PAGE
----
Globally, oceans are thought to add around 15 Tg CH4/year to the atmosphere, with parts of the surface of the world's oceans having relatively high concentrations of dissolved CH4. CH4 is not very soluble in water and so is often emitted as bubbles rising up from aquatic and oceanic sediments (like those seen by Volta), rather than via diffusion between the water and air. As in wetlands, oceanic CH4 is largely produced by methanogenic bacteria, which, because they need anaerobic conditions, are usually found to be producing CH4 either within sinking particles or in sediments.

Humans have an impact on oceanic CH4 emissions, primarily through the effect on oceanic nutrient inputs via rivers and estuaries. The high nutrient loads of many rivers, produced largely by sewage input and agricultural runoff, lead to eutrophic conditions in estuaries and coastal waters. Such nutrient-rich waters and sediments are ideal for methanogenesis, with oxygen levels in the water often very low and with plenty of organic carbon available that the methanogenic bacteria are able to utilize.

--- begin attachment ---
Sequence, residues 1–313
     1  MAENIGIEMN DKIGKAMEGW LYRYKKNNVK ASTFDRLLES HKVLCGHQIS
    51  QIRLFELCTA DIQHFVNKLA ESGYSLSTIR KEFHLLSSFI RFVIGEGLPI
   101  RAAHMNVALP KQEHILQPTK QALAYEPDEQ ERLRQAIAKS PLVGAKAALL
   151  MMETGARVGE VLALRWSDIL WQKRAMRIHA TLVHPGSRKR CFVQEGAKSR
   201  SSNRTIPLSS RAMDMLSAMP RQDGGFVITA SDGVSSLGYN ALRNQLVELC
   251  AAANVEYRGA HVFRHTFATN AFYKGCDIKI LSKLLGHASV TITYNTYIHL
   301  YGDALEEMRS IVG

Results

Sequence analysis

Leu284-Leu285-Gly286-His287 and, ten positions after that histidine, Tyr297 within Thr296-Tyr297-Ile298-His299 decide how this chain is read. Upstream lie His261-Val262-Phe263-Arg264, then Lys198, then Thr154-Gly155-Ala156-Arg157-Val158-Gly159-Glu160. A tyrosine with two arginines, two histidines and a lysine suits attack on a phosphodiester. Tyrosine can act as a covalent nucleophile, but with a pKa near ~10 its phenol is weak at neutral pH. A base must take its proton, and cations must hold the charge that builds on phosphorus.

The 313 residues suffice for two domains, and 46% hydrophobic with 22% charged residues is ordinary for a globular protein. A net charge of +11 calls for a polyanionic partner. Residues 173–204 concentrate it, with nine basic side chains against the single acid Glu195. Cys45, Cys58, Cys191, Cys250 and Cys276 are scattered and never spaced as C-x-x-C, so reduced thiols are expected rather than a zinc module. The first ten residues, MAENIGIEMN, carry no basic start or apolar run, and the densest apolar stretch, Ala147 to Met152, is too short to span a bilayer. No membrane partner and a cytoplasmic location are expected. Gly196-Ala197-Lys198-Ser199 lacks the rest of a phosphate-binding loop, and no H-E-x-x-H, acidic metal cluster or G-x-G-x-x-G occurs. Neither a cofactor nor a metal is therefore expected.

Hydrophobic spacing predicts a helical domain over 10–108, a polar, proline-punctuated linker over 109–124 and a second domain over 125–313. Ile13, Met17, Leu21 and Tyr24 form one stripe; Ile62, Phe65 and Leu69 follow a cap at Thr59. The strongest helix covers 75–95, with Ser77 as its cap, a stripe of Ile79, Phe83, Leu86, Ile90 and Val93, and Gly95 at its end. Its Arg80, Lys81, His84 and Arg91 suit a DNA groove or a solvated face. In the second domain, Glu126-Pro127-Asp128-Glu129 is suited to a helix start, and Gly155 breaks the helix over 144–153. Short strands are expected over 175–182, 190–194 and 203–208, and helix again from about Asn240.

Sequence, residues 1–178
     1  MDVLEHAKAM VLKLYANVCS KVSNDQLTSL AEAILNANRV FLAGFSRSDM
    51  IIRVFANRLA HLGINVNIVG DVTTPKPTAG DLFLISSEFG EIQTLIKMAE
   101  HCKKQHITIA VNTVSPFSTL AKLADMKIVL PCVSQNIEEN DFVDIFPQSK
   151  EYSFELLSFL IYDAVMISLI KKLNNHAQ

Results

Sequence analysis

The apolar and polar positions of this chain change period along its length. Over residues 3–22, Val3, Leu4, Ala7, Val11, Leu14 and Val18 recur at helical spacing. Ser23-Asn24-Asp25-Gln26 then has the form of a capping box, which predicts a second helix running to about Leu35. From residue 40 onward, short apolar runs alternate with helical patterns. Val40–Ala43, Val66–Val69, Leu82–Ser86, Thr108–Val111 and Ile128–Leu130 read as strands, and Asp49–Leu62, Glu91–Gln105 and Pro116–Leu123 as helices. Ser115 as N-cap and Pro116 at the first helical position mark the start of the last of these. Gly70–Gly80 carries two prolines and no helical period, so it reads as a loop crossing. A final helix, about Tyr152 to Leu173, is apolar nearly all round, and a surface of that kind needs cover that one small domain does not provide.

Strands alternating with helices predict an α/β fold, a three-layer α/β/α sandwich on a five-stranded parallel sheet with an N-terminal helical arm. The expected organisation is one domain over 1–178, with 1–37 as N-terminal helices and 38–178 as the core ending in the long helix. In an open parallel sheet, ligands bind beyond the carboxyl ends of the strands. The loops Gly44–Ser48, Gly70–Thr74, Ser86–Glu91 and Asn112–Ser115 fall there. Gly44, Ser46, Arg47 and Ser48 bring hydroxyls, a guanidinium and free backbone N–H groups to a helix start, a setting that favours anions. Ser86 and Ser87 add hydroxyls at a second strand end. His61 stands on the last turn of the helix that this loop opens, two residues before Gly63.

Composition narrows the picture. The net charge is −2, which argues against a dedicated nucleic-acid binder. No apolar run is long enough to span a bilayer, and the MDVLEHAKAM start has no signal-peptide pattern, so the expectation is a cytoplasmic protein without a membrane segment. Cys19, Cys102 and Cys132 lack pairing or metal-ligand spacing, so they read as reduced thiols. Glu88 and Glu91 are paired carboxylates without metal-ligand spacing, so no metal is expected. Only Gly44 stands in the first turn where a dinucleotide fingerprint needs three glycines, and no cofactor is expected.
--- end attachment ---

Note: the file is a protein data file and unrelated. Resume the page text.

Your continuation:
for big surges in atmospheric CH4 concentrations during the last 500 years. As such, CH4 hydrates represent a potentially huge positive feedback mechanism to global warming. With increasing ocean temperatures, large CH4 hydrate deposits may become unstable and thus lead to very rapid CH4 emissions.

The hard-to-predict, but potentially catastrophic, consequences of global warming on the deposits of CH4 hydrate underline the potential threat posed by feedbacks within the global climate system. Limiting future global warming may be crucial to prevent such a runaway scenario of CH4 release leading to even greater warming.

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